Friday, September 16, 2005

At a Conference...

I have been at a conference since Thursday. I presented a paper today. (And it went well!) Unfortunately, the advertised "wireless" access at the hotel is not working and my laptop is worthless for going online. I am posting this note from one of only two very busy public computers in the hotel lobbey.

I guess this blog is on vacation for a few days. I think my next post will probably be on Sunday when I get back home.

Wednesday, September 14, 2005

Medieval Paupers

The Medieval Paupers - Presents a lecture by Lynn Harry Nelson, Emeritus Professor of Medieval History, The University of Kansas, Lawrence, Kansas. Nelson examines Medieval paupers by categorising them into three groups, physically incompetent, socially marginalised and economically deprived and examines factors contributing to this state, as well as outcomes of this state.

From the site:

About 20% of the medieval population were destitute and homeless, wandering the roads of Europe looking for work or for charity, and climbing beneath a roadside hedge to die. Although they were ubiquitous, they have been neglected by historians because of the lack of sources discussing them directly. One exception was the starving beggars who followed "King" Tafur on the First Crusade. They were utterly without fear and, when food was low, would go out and capture one of the Muslim opponents. They would then roast and eat him. Leaders of both Muslims and Christians feared the beggars and finally conspired to lure them out into a waterless desert and abandon them there without supplies. Only a few survived.

Poverty became institutionalized by the early modern period and remained so until the European empires could raise living standards generally by exploiting their colonies. Now that the colonial system has collapsed, there are signs of the reappearance of a permanent underclass even in the industrialized nations. So the beggars of the middle ages may not have been so much a reflection of medieval society's lack of sensitivity or humanity as a result of economic changes that they were unable or unwilling to control.

Tuesday, September 13, 2005

History of Thailand

History of Thailand. This is a good short essay on the history of the Asian nation of Thailand.

Wikipedia notes, "The Kingdom of Thailand is a country in Southeast Asia, bordering Laos and Cambodia to the east, the Gulf of Thailand and Malaysia to the south, and the Andaman Sea and Myanmar to the west. Thailand is also known as Siam, which was the country's official name until May 11, 1949. The word Thai (ไทย) means "freedom" in the Thai language. It is also the name of the Thai people - leading some inhabitants, particularly the sizeable Chinese minority, to continue to use the name Siam."

From the site:

Southeast Asia has been inhabited for more than half a million years. Recent archaeological studies suggest that by 4000 BC, communities in what is now Thailand had emerged as centers of early bronze metallurgy. This development, along with the cultivation of wet rice, provided the impetus for social and political organization. Research suggests that these innovations may actually have been transmitted from there to the rest of Asia, including to China.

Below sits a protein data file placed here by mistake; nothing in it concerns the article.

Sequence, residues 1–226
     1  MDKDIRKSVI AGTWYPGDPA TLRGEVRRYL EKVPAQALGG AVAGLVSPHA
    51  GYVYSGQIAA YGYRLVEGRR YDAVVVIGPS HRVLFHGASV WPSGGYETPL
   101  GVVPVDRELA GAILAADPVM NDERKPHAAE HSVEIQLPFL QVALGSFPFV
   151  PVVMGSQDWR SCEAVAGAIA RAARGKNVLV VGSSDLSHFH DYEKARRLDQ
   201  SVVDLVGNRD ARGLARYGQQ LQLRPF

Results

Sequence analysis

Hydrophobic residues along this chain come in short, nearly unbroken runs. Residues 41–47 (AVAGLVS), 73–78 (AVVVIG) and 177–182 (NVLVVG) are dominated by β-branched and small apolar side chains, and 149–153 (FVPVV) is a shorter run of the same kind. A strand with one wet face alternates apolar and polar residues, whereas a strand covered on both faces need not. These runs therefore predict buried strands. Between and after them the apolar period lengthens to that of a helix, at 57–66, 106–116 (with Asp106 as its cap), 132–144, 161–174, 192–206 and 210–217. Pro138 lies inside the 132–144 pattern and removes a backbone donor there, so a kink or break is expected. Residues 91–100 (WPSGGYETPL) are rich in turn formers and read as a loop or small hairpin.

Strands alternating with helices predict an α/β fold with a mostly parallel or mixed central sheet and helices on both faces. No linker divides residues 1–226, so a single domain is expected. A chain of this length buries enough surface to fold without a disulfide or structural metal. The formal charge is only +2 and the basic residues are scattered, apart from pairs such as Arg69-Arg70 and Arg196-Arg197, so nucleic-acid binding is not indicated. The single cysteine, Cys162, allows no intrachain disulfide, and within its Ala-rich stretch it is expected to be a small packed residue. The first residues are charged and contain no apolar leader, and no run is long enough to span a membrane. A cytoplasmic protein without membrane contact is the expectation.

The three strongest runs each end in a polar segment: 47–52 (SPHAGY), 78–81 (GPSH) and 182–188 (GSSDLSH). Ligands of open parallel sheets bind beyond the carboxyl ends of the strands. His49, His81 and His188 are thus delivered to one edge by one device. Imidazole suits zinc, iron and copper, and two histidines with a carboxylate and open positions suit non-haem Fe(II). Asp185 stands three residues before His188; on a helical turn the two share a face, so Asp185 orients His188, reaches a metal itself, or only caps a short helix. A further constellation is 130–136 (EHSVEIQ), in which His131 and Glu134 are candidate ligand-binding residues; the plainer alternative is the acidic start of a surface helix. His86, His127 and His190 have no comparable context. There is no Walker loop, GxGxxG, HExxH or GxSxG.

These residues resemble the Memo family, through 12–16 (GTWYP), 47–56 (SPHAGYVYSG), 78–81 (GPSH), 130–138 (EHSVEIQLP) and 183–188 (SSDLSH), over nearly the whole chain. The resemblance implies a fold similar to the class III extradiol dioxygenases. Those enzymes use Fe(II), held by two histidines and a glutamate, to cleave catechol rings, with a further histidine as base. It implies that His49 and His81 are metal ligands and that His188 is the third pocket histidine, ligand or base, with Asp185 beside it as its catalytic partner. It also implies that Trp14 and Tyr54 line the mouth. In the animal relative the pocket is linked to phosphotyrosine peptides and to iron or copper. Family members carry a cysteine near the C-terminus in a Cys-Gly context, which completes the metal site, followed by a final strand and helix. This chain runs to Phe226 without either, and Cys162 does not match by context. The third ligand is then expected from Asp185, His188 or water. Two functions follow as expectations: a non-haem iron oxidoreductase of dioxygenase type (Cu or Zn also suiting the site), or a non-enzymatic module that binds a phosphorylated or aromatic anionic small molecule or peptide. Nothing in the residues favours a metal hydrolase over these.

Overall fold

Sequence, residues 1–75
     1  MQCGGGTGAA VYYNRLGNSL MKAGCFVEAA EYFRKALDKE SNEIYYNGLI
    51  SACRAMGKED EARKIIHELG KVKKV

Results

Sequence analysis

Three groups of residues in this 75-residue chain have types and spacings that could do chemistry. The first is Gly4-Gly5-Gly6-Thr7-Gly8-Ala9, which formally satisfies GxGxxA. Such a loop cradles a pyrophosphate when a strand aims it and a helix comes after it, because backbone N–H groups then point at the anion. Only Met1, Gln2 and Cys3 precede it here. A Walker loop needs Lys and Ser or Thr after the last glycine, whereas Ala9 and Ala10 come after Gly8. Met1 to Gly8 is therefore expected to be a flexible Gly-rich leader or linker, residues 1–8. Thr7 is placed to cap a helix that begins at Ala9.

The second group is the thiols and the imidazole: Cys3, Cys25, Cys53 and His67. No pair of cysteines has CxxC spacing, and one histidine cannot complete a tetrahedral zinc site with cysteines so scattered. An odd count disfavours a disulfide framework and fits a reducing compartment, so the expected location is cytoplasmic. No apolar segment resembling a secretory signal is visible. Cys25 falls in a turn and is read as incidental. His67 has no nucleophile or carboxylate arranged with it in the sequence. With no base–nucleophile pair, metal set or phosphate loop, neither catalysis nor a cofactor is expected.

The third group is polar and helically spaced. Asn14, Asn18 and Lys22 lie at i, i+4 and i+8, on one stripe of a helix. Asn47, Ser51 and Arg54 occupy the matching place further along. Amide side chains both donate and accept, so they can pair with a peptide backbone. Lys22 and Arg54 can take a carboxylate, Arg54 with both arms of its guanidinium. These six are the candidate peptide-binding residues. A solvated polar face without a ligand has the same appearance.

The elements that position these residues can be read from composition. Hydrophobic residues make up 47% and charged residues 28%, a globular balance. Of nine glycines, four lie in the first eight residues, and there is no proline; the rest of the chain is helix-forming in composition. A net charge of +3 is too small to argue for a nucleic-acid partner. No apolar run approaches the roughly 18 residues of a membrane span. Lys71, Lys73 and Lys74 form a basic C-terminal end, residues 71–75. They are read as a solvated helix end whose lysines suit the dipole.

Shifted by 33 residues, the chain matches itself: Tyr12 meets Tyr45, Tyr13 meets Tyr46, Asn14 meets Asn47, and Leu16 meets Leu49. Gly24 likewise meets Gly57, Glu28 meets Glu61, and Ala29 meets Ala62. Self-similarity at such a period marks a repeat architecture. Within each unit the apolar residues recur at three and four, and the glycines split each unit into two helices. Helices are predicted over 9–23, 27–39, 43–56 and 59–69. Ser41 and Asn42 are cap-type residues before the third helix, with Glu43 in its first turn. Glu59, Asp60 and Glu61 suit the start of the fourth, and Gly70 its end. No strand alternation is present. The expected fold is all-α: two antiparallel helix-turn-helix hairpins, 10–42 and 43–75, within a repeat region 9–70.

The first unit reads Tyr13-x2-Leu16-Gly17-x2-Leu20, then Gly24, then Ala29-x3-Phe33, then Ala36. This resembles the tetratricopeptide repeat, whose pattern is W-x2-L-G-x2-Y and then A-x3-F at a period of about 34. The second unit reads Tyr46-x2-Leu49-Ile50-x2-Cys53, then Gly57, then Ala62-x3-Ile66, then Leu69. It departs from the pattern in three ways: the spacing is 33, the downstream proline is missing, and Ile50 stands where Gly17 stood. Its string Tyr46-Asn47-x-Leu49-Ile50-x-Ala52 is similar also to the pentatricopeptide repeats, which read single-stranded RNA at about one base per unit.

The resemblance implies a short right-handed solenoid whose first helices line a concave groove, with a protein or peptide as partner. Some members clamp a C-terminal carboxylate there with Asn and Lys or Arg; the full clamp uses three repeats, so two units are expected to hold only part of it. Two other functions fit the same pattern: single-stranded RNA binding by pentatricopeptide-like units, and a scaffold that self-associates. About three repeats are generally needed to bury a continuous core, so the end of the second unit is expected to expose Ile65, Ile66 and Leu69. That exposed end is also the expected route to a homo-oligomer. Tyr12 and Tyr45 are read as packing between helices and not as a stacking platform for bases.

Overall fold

The Thai are related linguistically to Tai groups originating in southern China. Migrations from southern China to Southeast Asia may have occurred in the 6th and 7th centuries. Malay, Mon, and Khmer civilizations flourished in the region prior to the arrival of the ethnic Tai.

Thais date the founding of their nation to the 13th century. According to tradition, in 1238, Thai chieftains overthrew their Khmer overlords at Sukhothai and established a Thai kingdom. After its decline, a new Thai kingdom emerged in 1350 on the Chao Praya River. At the same time, there was an equally important Tai kingdom of Lanna, centered in Chiang Mai, which rivaled Sukothai and Ayutthaya for centuries, and which defines northern Thai identity to this day.

Monday, September 12, 2005

Darius III Codomannus

Darius III Codomannus - A tribute to the Persian king defeated by Alexander the Great at Gaugamela in 331 BC. This site includes images, biographical and analytical articles, and links to ancient Persian Web resources.

From the site:

In 331 BC the Persian King Darius III suffered his shattering defeat by Alexander the Great at the battle of Gaugamela. In the aftermath Darius was murdered by his kinsmen. With his death ended the Achaemenid dynasty which had reigned supreme over the Ancient world for more than two centuries.

Alexander had crushed an enchanting and unique culture. The aim of is to help you to discover the wealth and heritage of foreign, distant or lost cultures. This is a tribute to the Great King Darius III. At Gaugamela he found his 'Waterloo'.

Sunday, September 11, 2005

Gates of Vienna

Gates of Vienna. On the fourth anniversary of 9/11, I remember the terrorist attacks on New York and Washington, DC.

I had taken the day off of work due to illness. I caught the coverage from the start. At first, I thought there had been a simple accident with a misguided plane. When the second plane hit, I knew that this was an attack on America.

Never forget. Radical Islam has declared war on America (and all of Western society) and we can not afford to lose. How will world history look one, two, or three hundred years from now? Will women be free? Will there be freedom of religion? Will the world look more like America or Saudi Arabia?

I have blogged today an excellent site which has daily commentary on many issues including combatting radical Islam. As the site header reads, "At the siege of Vienna in 1683 Islam seemed poised to overrun Christian Europe. We are in a new phase of a very old war." Indeed.